In the 140 years from 1871 to today, over 40 tropical storms have battered the towers. At least six of these storms were Category 3 hurricanes that started with the Portland Gale of 1898 when Thacher Island keeper Albert Whitten was the last person to see the SS Portland. The vessel sank seven miles off of Thacher Island with the loss of 198 souls. Other storms, to name a few included the great hurricanes of 1938, Hurricane Carol in 1954, Hurricane Donna in 1960, Hurricane Gloria in 1985, the Perfect Storm in 1991 and Hurricane Bob also in 1991.

Shipwrecks continued even after the twin lights were built. From 1874-1894 alone, the U.S. Navy recorded over 147 wrecks and 560 partial disasters within site of the twin towers. Many fetched up on the Londoner Reef about half a mile off the island. Some actually came onto the island itself.

Two famous Americans were almost lost when the USS George Washington was warned off by keeper Maurice Babcock in 1919. On-board was President Woodrow Wilson and soon to be President Franklin Delano Roosevelt, then Assistant Secretary of the Navy.

The towers witnessed the boat house and ramp destroyed at least five times and saw the eastern wall of the whistle house crash into the ocean in 1991. In that same storm the island was cut in half as water surged over the central part of Thacher to separate the two towers for the first time.

Wars were no stranger to the lighthouses. German U-boats were reported just off Thacher Island in both World Wars. From the towers one could see the North Atlantic Fleet as well as the Great White Fleet anchor just off Thacher in Sandy Bay during maneuvers in the summers from 1898 up until the 1930’s.

As improvements were made the fuel for the light in the towers changed over time. The first order Fresnel lenses were lighted first with whale oil, which was changed to kerosene in 1861, then to oil vapor lamps in 1892, and finally electricity in 1932 when it was reported that the beam could be seen 44 miles away.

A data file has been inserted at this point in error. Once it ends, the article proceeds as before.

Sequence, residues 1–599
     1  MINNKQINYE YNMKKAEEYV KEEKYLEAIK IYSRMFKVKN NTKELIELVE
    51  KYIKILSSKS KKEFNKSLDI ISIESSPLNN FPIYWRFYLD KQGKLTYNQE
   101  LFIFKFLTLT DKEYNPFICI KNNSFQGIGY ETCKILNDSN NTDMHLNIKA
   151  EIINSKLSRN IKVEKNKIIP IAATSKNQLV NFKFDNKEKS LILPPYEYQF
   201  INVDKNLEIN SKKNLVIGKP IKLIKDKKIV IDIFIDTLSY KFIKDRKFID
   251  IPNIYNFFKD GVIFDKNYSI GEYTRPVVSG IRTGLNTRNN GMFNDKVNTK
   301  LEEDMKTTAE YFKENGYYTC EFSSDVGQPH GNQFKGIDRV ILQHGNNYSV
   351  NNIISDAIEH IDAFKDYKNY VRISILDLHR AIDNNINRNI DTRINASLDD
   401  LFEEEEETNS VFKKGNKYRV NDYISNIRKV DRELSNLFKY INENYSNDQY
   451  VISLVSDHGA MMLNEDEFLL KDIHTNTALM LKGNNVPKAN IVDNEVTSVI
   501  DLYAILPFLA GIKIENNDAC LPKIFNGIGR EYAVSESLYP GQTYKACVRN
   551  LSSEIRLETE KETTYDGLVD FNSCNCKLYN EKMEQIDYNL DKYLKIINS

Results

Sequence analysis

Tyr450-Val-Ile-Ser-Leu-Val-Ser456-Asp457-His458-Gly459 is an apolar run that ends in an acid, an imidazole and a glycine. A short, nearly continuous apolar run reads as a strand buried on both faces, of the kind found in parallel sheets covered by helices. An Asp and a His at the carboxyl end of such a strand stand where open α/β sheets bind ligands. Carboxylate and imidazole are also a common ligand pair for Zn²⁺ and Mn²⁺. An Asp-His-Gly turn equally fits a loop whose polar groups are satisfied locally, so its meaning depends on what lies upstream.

Eventually these lenses were supplanted by two huge rotating back to back aero-beacons with 1000 watt halide bulbs, in the 1990’s they changed to a red flashing light. Today this same light in the south tower is powered by solar panels.

The north tower is now lit by a solar powered LED lamp with a 120 light array that serves as a courtesy light mimicking the original amber candlelight of the past. It is also maintained by the Thacher Island Association as a memorial to mariners.

The twin towers have also become famous, in their own right. They have been featured in magazines going back to an 1879 issue of Harpers Weekly, again in later years in National Geographic, Life Magazine, Yankee Magazine and most recently in Lighthouse Digest.

Thacher has been in the movies; George Clooney mentions Thacher Island lighthouses in the 2000 movie The Perfect Storm when he says at the beginning of the film, “The fog lifts, we throw off the bow line and stern, pass up the south channel, past Rocky Neck, Ten Pound Island, blow the air horn and throw a wave to the keeper’s kid on Thacher Island.”

In 2003, director, Andrew Stanton, a Rockport, Massachusetts native, illustrated the towers in his academy award winning Pixar animated movie Finding Nemo. The towers have also been used as symbols by a variety of companies and organizations. The Town of Rockport recognized their importance in 1888 when the town decided to feature them on the official town seal. Twin Lights Beverages, the Coast Guard Cutter Maria Bray, and Cape Ann Brewing all use the lighthouses in their logo or emblem.

The Twin Lights of Thacher stood a little taller when they were named to the National Register of Historic Places in 1981 and as a National Historic Landmark in 2000. Much of that and what has happened since can be largely credited to the Thacher Island Association that started with eight people led by Ned Cameron in 1980 to a group of 50 very active volunteers who are part of an organization today with a membership of 750.

These two sentinels remain unique as they are the last two remaining twin lights in full operation in the nation. Amazingly today over 3,000 people make it the island each year to climb the spiraling steps, just as the keepers did for so many years. And, they continue to be the first lighthouses seen by travelers coming from Europe on their way to the United States.

These two gentle, but sturdy giants continue to stand proud, still doing their job faithfully for the past 150 years. We can only ponder what they will see during their next 150 years.

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This story appeared in the Jul/Aug 2011 edition of Lighthouse Digest Magazine. The print edition contains more stories than our internet edition, and each story generally contains more photographs - often many more - in the print edition. For subscription information about the print edition, click here.